This feature is what dictates what can be written to an RODC, therefore limiting the amount of sensitive information available to a remote office.
Also, by default, core roles such as the Domain admins are never allowed as part of the replication policy.
I always mention that the need to get hands-on experience with any product you are studying is key to learning it properly, and Read Only Domain Controllers are no exception.
You would need to build two servers (or virtual machines) within your domain, with one obviously being the RODC.
However, the passwords are cached on the server, and only once the RODC has contacted a writable domain controller of authentication.
This is where you should take note of a key term you will come across in your exam: the password replication policy (PRP).
The main reason for using an RODC is mainly for security purposes, while also providing domain resiliency at remote offices.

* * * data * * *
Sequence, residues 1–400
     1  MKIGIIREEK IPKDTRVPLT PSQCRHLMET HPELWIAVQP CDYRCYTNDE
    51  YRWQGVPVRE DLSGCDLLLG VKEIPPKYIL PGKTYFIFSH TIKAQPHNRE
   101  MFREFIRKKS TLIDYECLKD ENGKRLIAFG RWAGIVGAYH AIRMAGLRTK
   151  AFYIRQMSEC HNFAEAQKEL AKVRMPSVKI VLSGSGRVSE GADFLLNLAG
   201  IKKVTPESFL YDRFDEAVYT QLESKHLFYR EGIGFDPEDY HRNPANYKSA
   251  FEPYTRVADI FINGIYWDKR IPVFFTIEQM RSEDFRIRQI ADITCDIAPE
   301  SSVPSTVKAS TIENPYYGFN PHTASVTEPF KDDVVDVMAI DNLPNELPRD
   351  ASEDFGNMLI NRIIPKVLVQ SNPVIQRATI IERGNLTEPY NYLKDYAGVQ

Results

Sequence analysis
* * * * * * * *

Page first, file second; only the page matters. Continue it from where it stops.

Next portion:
While much of the 70-640 exam covers the configuration of Active Directory in a Windows Server 2008 environment, other topics also get tested — including Read Only Domain Controllers (RODC), which is a new feature on Windows Server 2008.
IN this article, David Leaver explores the features and configuration of the RODC that may be tested in the 70-640 exam.
As with any additional domain controller role, replication is the key to the successful transfer of information between servers.
One of the best features of RODC is the way it stores user credentials… The replication of user information is there, of course, and is presented to users as and when they need them to supply a domain login.